What You Need To Know About Bad Breath

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Bad breath, also known as Halitosis can be extremly embarrassing and sometimes leads to anxiety. It’s not surprising that the store shelves are all filled with different agents used for mouthwashing so as to reduce the odor, and other products that are designed to combat bad breath, halitosis treatment near me.

However, many of these products are only for temporary solution as they don’t address the root of the issue.

Certain food items, health conditions, and habits are some of the factors that cause bad breath. In most cases it is possible to improve bad breath by maintaining regular dental hygiene.

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If self-care methods do not solve the problem consult your dentist or a physician to make sure that there isn’t a more serious issue the cause of your bad breath.

Odors of bad breath vary dependent on the cause or the reason. Some people fret about their breath, even having only a slight or no odor of their mouth and others suffer from bad breath but don’t realize that it’s there.

Because it’s difficult to know the smell of your breath you should ask a trusted person or a relative to verify your concerns about bad breath.

When should you see an doctor

If you notice bad breath, take a look at your habits of oral hygiene. Make lifestyle changes like brushing your teeth and your tongue after meals by using dental floss as well as drinking lots of fluids.

If your bad breath persists after making such changes, see your dentist.

When your dental professional suspects that a more serious issue is behind your breath to smell bad they might send you to a medical professional to determine the reason for the smell.


Most bad breath originates in the mouth, and there are numerous possibilities for the cause. This includes:

Food. The breakdown of food particles within the teeth and around them can create an unpleasant smell.

Certain food items, like garlic, onions, leek and other spices, can also trigger bad breath. When you digest these food items and they are absorbed into your bloodstream and then are transported into your lungs, and alter the breath of yours.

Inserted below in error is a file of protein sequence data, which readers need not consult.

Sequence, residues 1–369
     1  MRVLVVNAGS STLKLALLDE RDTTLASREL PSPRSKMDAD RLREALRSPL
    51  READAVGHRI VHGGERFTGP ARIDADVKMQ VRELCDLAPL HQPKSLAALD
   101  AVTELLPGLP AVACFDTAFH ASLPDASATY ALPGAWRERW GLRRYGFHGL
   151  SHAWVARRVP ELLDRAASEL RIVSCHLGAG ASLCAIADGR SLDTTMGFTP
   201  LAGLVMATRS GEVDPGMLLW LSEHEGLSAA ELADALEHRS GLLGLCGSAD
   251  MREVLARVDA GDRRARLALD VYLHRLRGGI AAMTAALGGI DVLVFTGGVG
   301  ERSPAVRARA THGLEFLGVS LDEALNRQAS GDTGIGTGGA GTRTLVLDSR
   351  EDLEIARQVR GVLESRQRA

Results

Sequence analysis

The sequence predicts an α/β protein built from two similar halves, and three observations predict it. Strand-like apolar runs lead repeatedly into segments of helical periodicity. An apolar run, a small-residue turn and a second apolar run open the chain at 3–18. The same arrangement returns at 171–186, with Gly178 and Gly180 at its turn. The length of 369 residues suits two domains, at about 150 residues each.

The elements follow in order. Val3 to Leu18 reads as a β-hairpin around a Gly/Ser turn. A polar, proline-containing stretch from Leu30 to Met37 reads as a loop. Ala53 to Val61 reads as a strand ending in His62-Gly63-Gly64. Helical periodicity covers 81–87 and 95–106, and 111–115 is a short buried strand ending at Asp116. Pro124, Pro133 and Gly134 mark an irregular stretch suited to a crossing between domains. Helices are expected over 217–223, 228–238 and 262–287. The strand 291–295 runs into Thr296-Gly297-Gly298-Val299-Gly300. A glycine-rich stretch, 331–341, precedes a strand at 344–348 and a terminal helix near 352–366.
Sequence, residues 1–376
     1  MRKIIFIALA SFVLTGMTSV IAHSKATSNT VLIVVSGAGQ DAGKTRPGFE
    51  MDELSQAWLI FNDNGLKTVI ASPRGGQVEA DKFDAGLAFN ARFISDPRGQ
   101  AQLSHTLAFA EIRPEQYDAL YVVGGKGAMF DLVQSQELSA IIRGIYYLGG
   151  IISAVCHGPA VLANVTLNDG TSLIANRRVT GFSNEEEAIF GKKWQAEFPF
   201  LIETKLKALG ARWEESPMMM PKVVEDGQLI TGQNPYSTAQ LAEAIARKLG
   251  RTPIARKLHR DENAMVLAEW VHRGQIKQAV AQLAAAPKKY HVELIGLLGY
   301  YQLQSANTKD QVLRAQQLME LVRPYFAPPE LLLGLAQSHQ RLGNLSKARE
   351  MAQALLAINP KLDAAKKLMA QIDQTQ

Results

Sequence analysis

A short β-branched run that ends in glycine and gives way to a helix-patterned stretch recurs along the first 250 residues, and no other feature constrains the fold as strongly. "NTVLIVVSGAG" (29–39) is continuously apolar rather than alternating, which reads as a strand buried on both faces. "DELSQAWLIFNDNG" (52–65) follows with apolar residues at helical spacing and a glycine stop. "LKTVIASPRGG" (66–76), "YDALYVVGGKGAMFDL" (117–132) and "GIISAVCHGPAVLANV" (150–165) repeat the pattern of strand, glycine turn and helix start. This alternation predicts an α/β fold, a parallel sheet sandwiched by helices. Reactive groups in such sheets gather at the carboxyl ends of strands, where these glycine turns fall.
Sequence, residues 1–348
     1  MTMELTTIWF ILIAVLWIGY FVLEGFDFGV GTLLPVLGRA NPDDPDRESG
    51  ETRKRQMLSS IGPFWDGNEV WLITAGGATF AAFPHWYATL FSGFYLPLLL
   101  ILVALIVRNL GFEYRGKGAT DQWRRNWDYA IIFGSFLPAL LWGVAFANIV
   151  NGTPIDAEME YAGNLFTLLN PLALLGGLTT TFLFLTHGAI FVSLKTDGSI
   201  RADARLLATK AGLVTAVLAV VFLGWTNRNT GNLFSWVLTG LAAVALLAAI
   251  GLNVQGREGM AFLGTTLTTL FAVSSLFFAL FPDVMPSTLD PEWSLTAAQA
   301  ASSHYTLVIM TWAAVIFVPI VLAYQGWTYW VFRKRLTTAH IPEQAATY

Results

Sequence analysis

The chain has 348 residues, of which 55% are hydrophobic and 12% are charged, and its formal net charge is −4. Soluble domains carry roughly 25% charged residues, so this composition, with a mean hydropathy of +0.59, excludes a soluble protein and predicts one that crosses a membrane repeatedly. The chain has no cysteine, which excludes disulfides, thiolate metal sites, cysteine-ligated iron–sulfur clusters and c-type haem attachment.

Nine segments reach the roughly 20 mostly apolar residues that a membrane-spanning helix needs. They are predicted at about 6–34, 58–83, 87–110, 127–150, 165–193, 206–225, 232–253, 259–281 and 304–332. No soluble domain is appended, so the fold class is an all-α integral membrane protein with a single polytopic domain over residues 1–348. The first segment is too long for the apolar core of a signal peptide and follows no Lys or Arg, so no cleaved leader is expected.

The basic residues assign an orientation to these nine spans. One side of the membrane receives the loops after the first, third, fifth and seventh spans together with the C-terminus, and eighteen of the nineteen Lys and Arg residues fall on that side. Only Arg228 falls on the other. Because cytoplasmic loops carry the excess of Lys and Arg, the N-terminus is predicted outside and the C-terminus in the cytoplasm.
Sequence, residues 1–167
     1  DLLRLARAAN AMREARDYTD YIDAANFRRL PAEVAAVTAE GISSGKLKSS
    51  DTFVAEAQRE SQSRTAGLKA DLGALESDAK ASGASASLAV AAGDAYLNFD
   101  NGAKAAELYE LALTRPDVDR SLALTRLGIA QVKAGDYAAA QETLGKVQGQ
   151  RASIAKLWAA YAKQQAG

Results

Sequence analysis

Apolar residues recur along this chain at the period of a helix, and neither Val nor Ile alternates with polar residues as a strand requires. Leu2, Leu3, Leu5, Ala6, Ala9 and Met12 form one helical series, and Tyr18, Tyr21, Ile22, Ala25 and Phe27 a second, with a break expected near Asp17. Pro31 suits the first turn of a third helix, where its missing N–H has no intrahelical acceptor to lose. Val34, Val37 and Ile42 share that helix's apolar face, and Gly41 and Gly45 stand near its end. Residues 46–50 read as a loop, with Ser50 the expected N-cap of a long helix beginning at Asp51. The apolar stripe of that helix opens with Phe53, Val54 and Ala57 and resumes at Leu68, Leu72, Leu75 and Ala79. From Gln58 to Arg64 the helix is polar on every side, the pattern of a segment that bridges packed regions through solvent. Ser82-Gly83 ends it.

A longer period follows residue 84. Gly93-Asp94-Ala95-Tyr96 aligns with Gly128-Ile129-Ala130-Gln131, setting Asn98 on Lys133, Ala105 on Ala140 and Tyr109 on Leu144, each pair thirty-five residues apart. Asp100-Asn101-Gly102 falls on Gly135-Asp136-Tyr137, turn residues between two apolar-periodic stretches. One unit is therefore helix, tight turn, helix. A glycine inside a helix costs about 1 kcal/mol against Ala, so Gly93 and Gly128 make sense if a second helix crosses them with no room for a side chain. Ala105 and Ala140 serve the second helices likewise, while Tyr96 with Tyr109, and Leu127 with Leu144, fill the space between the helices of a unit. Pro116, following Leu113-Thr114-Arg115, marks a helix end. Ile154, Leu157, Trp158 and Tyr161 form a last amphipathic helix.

Products from tobacco. Smoking causes its own mouth odor that is unpleasant.

Smokers and users of oral tobacco are more expose to danger of contacting gum disease, which also aids in having bad breath.

Poor hygiene in the dental area. If you don’t brush and floss every day food particles can remain in your mouth and cause bad breath.

A clear, sticky, colorless film made up of bacteria (plaque) is formed around your teeth. If it’s not cleaned away it can cause irritation to the gums, and eventually create pockets of plaque between the gums and teeth (periodontitis). The tongue can also hold bacteria that create smells.

Dentures that aren’t regularly cleaned or don’t fit correctly could contain odor-causing bacteria as well as food particles.

Dry mouth. Saliva helps cleanse your mouth, getting rid of substances that can cause bad odors. Dry mouth, also known as xerostomia is a cause of bad breath since the saliva production is reduced.

Dry mouth is a natural occurrence when you sleep, resulting in “morning breath,” and it gets worse if you sleep while your mouth is open. Dry mouth is a common problem caused by an issue with the salivary glands or certain diseases.

Medical Treatment. Some medications can indirectly cause bad breath through the cause of dry mouth. Some medications are degraded in the body, releasing chemicals that are then absorbed onto your breath.

Mouth infections. Bad breath can be the result of the surgical wounds that result from oral surgery like tooth removal or because of gum disease, or mouth sores.

Other nose, mouth and throat disorders. Bad breath can often be the result of small stones that build up in the tonsils . They are coated with bacteria, which produce an odor. Chronic inflammation or infections within the sinuses, nasal passages or throat, that cause postnasal drip and may also cause bad breath.

Additional causes. Diseases, such as cancers and illnesses like metabolic disorders can result in an odorous breath because of the chemical substances they create.

Acid reflux in the stomach (gastroesophageal reflux disease or GERD) is often linked to bad breath. A child experience bad breath could be as a result of the presence of a foreign object that is, for example, an item of food stuck in the nostril.